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[p.1044]

Balancing.—Clear and present danger as a test, it seems clear, was a pallid restriction on governmental power after Dennis and it virtually disappeared from the Court’s language over the next twenty years.118 Its replacement for part of this period was the much disputed “balancing” test, which made its appearance in the year prior to Dennis in American Communications Ass’n v. Douds.119 There the Court sustained a law barring from access to the NLRB any labor union if any of its officers failed to file annually an oath disclaiming membership in the Communist Party and belief in the violent overthrow of the government.120 For the Court, Chief Justice Vinson rejected reliance on the clear and present danger test. “Government’s interest here is not in preventing the dissemination of Communist doctrine or the holding of particular beliefs because it is feared that unlawful action will result therefrom if free speech is practiced. Its interest is in protecting the free flow of commerce from what Congress considers to be substantial evils of conduct that are not the products of speech at all. Section 9(h), in other words, does not interfere with speech because Congress fears the consequences of speech; it regulates harmful conduct which Congress has determined is carried on by persons who may be identified by their political affiliations and beliefs. The Board does not contend that political strikes . . . are the present or impending products of advocacy of the doctrines of Communism or the expression of belief in overthrow of the Government by force. On the contrary, it points out that such strikes are called by persons[p.1045]who, so Congress has found, have the will and power to do so without advocacy.”121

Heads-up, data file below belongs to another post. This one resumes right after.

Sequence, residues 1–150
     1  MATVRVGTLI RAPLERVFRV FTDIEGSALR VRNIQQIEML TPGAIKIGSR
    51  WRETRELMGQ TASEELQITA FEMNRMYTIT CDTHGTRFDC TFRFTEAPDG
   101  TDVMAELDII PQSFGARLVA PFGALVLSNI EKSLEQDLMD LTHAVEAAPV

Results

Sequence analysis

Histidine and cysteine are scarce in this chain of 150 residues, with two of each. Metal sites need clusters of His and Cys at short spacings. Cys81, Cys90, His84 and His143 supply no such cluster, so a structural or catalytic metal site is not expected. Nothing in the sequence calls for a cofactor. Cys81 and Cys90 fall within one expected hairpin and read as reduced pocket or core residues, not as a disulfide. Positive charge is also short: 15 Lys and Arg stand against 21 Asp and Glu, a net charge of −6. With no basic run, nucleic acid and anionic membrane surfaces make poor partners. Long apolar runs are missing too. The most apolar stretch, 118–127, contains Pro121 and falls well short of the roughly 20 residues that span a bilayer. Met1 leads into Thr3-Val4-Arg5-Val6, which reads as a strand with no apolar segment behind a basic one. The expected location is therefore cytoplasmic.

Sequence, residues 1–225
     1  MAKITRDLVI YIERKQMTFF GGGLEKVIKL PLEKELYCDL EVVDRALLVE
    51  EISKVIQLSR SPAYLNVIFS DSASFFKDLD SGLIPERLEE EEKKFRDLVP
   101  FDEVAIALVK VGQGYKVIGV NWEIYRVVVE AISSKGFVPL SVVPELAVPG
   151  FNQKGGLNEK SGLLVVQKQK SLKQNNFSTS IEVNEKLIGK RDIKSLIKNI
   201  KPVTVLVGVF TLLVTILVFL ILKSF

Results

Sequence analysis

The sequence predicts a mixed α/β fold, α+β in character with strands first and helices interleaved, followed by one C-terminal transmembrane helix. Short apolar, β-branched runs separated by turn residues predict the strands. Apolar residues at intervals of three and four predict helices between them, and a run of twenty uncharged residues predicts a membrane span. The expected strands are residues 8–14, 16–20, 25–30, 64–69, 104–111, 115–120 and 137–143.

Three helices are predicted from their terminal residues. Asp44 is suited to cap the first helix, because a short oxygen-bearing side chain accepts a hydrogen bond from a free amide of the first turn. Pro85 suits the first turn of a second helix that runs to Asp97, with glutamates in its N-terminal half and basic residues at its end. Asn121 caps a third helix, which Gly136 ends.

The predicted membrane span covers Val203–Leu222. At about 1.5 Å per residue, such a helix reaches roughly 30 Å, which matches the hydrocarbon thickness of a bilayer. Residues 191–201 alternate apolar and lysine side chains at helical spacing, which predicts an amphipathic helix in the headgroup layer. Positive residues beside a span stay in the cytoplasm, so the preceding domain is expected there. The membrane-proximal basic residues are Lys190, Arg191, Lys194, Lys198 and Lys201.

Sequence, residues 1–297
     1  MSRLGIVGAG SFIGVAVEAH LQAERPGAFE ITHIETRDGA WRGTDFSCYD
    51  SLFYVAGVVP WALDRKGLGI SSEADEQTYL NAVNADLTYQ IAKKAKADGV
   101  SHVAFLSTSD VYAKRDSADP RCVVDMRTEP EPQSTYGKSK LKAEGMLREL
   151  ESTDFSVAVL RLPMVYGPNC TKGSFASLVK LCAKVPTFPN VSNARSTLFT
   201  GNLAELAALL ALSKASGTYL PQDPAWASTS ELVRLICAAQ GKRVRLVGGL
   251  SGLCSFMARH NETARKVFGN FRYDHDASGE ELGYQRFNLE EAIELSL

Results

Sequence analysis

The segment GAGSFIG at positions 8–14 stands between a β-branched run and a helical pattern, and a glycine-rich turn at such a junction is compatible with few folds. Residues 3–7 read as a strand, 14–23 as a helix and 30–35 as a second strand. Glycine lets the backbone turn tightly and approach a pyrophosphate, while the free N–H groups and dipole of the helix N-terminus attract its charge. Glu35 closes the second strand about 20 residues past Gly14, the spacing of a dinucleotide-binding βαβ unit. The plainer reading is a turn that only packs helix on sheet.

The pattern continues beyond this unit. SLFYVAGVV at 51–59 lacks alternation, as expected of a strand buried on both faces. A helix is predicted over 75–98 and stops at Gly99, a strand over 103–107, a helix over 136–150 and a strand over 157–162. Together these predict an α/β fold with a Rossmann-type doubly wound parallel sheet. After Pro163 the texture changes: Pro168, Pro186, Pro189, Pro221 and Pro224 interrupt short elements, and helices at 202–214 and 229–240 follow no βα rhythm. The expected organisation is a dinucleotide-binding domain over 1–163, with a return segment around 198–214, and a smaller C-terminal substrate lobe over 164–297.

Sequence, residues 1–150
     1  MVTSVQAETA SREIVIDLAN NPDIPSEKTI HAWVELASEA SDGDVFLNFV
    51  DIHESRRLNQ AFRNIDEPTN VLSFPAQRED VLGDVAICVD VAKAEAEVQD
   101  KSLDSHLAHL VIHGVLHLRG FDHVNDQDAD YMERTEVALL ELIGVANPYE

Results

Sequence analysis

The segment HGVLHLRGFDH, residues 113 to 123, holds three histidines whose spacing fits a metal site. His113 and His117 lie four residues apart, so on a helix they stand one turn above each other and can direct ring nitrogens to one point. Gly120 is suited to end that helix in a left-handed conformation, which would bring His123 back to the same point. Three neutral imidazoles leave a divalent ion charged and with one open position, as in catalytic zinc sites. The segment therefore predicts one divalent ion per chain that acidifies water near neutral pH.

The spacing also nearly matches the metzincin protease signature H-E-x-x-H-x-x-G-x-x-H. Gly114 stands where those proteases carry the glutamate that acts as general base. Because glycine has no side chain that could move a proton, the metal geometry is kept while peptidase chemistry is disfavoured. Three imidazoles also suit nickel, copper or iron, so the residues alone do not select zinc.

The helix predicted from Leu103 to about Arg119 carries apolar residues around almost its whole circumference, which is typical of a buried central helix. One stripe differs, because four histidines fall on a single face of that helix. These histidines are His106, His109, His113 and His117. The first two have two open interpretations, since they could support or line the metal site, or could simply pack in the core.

The test, rather, must be one of balancing of interests. “When particular conduct is regulated in the interest of public order, and the regulation results in an indirect, conditional, partial abridgement of speech, the duty of the courts is to determine which of these two conflicting interests demands the greater protection under the particular circumstances presented.”122 Inasmuch as the interest in the restriction, the government’s right to prevent political strikes and the disruption of commerce, is much more substantial than the limited interest on the other side in view of the relative handful of persons affected in only a partial manner, the Court perceived no difficulty upholding the statute.123

Justice Frankfurter in Dennis124 rejected the applicability of clear and present danger and adopted a balancing test. “The demands of free speech in a democratic society as well as the interest in national security are better served by candid and informed weighing of the competing interests, within the confines of the judicial process, than by announcing dogmas too inflexible for the non–Euclidian problems to be solved.”125 But the “careful weighing of conflicting interests”126 not only placed in the scale the disparately–weighed interest of government in self–preservation and the interest of defendants in advocating illegal action, which alone would have determined the balance, it also involved the Justice’s philosophy of the “confines of the judicial process” within which the role of courts, in First Amendment litigation as in other, is severely limited. Thus, “[f]ull responsibility” may not be placed in the courts “to balance the relevant factors and ascertain which interest in the circumstances [is] to prevail.” “Courts are not representative bodies. They are not designed to be a good reflex of a democratic society.” Rather, “[p]rimary responsibility for adjusting the interests which compete in the situation before us of necessity belongs to the Congress.”127 Therefore, after considering at some length the factors to be balanced, Justice Frankfurter concluded: “It is not for us to decide how we would adjust the clash of interests which this case presents were the primary responsibility for reconciling it ours. Congress has determined that the danger created by advocacy of overthrow justifies the ensuing restriction on freedom of speech.[p.1046]The determination was made after due deliberation, and the seriousness of the congressional purpose is attested by the volume of legislation passed to effectuate the same ends.”128 Only if the balance struck by the legislature is “outside the pale of fair judgment”129 could the Court hold that Congress was deprived by the Constitution of the power it had exercised.130